For my money, Newsweek beat the pants off of Time with its pope package. The second-run newsweekly dragged Ken Woodward out of mothballs to file the lead story, which begins with reporting on the ground from St. Peter's Square at the moment of the pope's death and then moves on to the long sweep of his papacy: the fight against Communism, the grand ecumenical gestures, the trips around the globe to try to sow the seeds that would change cultures, the slow but persistent drive to bring some uniformity to Catholic worship and theology.
Other pieces of the package include:
• An article by the incomparable Melinda Henneberger (allowed to write on religion for the print issue for once) on how JPII didn't always make nice with his American audience.
• Andrew Nagorski on his experience covering the pope (near as I can figure, the article on the web has a different lede and different title from the same piece in the print magazine -- odd).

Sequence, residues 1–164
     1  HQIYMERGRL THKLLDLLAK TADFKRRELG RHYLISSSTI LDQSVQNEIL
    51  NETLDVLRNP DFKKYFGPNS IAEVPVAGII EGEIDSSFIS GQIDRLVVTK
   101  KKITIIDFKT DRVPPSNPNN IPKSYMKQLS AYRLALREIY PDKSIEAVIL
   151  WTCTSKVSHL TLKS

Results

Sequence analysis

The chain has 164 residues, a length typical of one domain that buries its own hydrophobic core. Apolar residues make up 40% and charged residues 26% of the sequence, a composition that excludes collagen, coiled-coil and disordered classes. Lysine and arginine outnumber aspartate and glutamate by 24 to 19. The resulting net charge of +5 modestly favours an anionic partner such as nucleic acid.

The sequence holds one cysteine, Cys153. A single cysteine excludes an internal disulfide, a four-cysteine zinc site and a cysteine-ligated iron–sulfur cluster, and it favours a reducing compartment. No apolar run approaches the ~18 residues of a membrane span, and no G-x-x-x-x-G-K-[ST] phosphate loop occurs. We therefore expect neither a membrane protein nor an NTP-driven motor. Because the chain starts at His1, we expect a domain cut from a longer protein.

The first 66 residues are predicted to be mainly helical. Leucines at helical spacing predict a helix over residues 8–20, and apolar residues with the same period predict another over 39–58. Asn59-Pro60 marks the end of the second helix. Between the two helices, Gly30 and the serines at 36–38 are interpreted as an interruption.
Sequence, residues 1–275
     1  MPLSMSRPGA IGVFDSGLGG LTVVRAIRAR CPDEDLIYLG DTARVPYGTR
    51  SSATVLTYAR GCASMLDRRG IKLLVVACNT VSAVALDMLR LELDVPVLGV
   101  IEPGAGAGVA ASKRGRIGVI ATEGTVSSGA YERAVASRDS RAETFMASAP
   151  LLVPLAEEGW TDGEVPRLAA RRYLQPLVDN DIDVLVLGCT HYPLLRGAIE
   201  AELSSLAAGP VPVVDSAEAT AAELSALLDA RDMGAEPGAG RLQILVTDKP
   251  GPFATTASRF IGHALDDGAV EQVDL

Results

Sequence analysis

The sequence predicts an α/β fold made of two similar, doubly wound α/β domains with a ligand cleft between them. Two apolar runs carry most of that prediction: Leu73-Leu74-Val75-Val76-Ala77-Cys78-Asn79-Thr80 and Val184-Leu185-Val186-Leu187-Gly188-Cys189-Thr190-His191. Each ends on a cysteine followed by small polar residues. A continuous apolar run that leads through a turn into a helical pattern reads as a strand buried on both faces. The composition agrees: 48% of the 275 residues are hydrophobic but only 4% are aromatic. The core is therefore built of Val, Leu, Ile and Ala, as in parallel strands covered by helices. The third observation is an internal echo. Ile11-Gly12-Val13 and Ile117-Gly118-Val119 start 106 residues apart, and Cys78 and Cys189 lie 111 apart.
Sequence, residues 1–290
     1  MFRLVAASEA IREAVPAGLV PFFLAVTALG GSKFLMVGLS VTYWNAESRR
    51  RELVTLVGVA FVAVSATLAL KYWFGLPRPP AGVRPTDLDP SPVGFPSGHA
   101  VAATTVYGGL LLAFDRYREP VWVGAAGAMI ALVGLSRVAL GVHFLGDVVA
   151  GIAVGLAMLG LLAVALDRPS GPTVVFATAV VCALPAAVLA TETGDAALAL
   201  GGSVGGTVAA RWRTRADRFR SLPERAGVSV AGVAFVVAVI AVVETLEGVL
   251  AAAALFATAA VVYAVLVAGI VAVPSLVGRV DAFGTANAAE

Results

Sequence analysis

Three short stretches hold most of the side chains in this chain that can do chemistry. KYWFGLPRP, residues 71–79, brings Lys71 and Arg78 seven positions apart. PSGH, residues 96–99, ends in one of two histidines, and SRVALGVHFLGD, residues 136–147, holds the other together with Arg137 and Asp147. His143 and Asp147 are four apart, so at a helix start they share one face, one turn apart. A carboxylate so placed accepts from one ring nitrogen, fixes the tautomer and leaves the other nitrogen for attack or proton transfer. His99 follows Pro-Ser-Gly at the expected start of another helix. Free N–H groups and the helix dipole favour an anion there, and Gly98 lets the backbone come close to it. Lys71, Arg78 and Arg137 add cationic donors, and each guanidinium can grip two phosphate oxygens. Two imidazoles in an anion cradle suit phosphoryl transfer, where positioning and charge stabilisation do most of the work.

• George Weigel on his experience as the pope's quasi-official biographer.
• Nagorski again on the coming papal conclave.
Now, I can't actually link to all of the Time package, because of that website's Khrushchevian firewall, but the web monkeys have posted a few excerpts. We have James Carroll explaining that JPII's true legacy will be pacifism and ecumenism; a short item on the order of events to elect the new pope; a short bit by Nancy Gibbs; and an extract from reporter David Van Biema's longer, rather plodding treatment of the pope's life and legacy.